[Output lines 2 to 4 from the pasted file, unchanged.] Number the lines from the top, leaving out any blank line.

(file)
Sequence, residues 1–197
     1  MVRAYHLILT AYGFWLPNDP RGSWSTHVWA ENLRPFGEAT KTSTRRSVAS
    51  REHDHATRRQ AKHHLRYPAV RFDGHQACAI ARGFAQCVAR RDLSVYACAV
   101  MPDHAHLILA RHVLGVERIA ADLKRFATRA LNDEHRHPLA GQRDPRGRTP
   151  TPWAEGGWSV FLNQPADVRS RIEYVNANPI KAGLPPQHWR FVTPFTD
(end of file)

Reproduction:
     1  MVRAYHLILT AYGFWLPNDP RGSWSTHVWA ENLRPFGEAT KTSTRRSVAS
    51  REHDHATRRQ AKHHLRYPAV RFDGHQACAI ARGFAQCVAR RDLSVYACAV
   101  MPDHAHLILA RHVLGVERIA ADLKRFATRA LNDEHRHPLA GQRDPRGRTP